Autism and Interacting with the Police

Autism and Interacting With the Police

This happened:

So, what’s a parent with a teenager on the autism spectrum supposed to think of what happened here?

What do I think?

First, I’m terrified.

Second, I’m angry.

Third, I’m confused.

Why am I terrified?

That could have been my child.

My child does get unregulated at times.

My husband and I team up to try to help him get regulated, but there have been a few times when he’s been very, very unregulated.

Did we ever call the police for assistance?

No. We were able to help him calm down and regulate.

We are not, however, a single parent like this mother.

For instance, the story states that his mother had not been able to work due to the pandemic and her son’s issues.

I feel she didn’t quite understand the situation. However, she needed help.

Here is what she said when she called the police:

“I said, he’s unarmed, he doesn’t have anything, he just gets mad and yells and screams,” Ms. ________ said. “He’s a kid, he’s trying to get attention, he doesn’t know how to regulate.”

She was desperate and thought the police would help her.

Okay, it happened that way.

Then, the police shot her son. Seven times.

Why am I angry?

Because they shot this woman’s son seven times.

She told them he was unarmed. And, they shot him.

The mother thought the police would help her, not shot her son.

I’m not angry at her. She made a decision I might not have made, but she was desperate.

She’s a single mother. She’s probably frustrated and exhausted. The report says she explained all of this to the police. Or, she thought she did. She thought she communicated properly to them.

“He’s unarmed.”

“He just gets made and he starts to yell and scream.”

She said, “He’s a kid,… he doesn’t know how to regulate.”

The report states she told them he has autism.

She said she asked for a crisis intervention team.

That’s a mother who begged for help.

There was no way to foresee what was about to happen to her son.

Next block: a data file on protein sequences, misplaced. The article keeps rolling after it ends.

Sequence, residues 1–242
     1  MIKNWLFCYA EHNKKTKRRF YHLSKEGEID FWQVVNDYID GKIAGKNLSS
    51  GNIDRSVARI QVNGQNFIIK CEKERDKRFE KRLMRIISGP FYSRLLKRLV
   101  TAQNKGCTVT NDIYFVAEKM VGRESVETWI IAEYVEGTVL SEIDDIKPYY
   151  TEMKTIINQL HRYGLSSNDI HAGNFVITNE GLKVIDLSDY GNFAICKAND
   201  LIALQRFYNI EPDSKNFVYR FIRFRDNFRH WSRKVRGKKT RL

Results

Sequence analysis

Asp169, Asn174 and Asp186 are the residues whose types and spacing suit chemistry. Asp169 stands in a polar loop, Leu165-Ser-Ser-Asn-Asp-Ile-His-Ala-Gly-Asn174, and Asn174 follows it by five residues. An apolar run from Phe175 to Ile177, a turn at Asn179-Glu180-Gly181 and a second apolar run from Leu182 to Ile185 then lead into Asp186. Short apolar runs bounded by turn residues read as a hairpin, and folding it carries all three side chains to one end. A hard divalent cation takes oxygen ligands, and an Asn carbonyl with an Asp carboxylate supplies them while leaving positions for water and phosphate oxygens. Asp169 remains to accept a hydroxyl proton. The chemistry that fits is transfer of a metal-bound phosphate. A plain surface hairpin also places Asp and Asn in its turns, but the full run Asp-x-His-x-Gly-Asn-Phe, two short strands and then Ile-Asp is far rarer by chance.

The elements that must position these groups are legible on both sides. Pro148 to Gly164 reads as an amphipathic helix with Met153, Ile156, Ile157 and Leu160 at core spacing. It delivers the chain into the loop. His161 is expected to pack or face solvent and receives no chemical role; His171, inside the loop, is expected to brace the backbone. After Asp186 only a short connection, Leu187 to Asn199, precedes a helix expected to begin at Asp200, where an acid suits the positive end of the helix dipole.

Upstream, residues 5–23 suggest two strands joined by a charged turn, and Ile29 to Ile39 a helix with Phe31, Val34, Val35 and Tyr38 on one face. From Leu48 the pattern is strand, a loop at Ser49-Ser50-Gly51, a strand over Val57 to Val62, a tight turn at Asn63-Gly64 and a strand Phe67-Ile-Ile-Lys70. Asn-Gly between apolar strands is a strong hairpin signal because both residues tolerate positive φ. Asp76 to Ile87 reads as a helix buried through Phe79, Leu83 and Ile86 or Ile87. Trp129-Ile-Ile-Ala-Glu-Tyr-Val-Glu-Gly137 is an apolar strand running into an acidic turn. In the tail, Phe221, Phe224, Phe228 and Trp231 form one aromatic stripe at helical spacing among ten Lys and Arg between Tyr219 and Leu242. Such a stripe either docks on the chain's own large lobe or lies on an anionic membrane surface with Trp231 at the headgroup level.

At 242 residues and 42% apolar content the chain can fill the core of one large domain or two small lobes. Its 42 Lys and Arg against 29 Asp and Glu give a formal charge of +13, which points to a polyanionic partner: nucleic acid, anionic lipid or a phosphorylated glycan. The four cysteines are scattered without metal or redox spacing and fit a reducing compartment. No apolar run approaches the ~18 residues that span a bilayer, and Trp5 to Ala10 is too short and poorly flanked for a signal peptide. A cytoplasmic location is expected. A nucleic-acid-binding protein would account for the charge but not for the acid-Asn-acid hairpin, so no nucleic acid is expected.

It is still unclear why the police shot this thirteen-year-old boy seven times.

Yet, I’m still angry.

And, I’m confused.

There is a police problem in this country.

Too many people end up dead or shot (this teenager did survive).

To a lay person, a police response does seem like “Shoot first, figure it out later.”

And, this case gets under my skin because I have a son with autism.

For instance, what if I had called the police in the past to help me with my son’s meltdown?”

Or, what if I thought I had communicated properly to the police, and yet… things escalated?

My child then gets hurt.

Or, killed.

Oh, how that guilt would never go away. I feel for this mother. She was desperate and things got out of control, very badly.  

What can we do?

I really feel the police need re-training, in regards to ANY mental health issue.

They get a lot of mental health-related calls. I get that.

However, they have to know how to deal with mental health issues, without anyone coming away dead.

My child is on the precipice on being an adult. He goes out into the world by himself. He’ll Razor or walk the dog or go up to Game Stop.

We believe he has a right to his independence.

But, in the back of our minds… It’s always the “What if…?”

In conclusion, it’s a problem in this country. A huge problem.

It needs a fix, before more people get killed or shot.

To fix this problem, I am not “against” the police in any way.

In addition, I feel like I’m pro-police. I just what the police to work with the community to fix these problems. Find a middle ground. There has to be a middle ground.

Above all, deaths have to be avoided.

For all of our kids.


More on Kimberly Kaplan:

To purchase “Two Years Autism Blogs Featured on”

or “A Parentsʼ Guide to Early Autism Intervention” visit Amazon (print or digital) or Smashwords          

Twitter: tipsautismmom

LinkedIn: Kimberly Kaplan

You can also find this autism blog on






Leave a Reply

Your email address will not be published. Required fields are marked *

This site uses Akismet to reduce spam. Learn how your comment data is processed.